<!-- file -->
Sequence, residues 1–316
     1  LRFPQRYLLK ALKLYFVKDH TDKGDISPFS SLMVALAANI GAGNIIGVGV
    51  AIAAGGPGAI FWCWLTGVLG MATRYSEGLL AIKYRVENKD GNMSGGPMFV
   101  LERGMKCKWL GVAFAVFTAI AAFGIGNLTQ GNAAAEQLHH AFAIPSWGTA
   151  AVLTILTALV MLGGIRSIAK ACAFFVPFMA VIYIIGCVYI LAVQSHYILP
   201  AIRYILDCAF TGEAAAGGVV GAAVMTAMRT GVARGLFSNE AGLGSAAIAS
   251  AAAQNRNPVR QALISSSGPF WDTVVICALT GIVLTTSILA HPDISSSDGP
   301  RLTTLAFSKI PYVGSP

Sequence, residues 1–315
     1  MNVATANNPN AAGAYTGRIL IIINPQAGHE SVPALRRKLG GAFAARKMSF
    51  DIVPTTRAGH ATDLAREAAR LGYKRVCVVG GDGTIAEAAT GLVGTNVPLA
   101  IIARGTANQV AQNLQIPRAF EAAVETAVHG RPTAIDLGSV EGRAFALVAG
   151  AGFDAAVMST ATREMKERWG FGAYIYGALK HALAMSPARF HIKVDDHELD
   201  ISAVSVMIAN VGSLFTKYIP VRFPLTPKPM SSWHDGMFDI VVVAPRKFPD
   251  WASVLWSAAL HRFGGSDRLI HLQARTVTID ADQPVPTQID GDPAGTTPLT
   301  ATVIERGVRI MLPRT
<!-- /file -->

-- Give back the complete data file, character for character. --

Sequence, residues 1–316
     1  LRFPQRYLLK ALKLYFVKDH TDKGDISPFS SLMVALAANI GAGNIIGVGV
    51  AIAAGGPGAI FWCWLTGVLG MATRYSEGLL AIKYRVENKD GNMSGGPMFV
   101  LERGMKCKWL GVAFAVFTAI AAFGIGNLTQ GNAAAEQLHH AFAIPSWGTA
   151  AVLTILTALV MLGGIRSIAK ACAFFVPFMA VIYIIGCVYI LAVQSHYILP
   201  AIRYILDCAF TGEAAAGGVV GAAVMTAMRT GVARGLFSNE AGLGSAAIAS
   251  AAAQNRNPVR QALISSSGPF WDTVVICALT GIVLTTSILA HPDISSSDGP
   301  RLTTLAFSKI PYVGSP

Sequence, residues 1–315
     1  MNVATANNPN AAGAYTGRIL IIINPQAGHE SVPALRRKLG GAFAARKMSF
    51  DIVPTTRAGH ATDLAREAAR LGYKRVCVVG GDGTIAEAAT GLVGTNVPLA
   101  IIARGTANQV AQNLQIPRAF EAAVETAVHG RPTAIDLGSV EGRAFALVAG
   151  AGFDAAVMST ATREMKERWG FGAYIYGALK HALAMSPARF HIKVDDHELD
   201  ISAVSVMIAN VGSLFTKYIP VRFPLTPKPM SSWHDGMFDI VVVAPRKFPD
   251  WASVLWSAAL HRFGGSDRLI HLQARTVTID ADQPVPTQID GDPAGTTPLT
   301  ATVIERGVRI MLPRT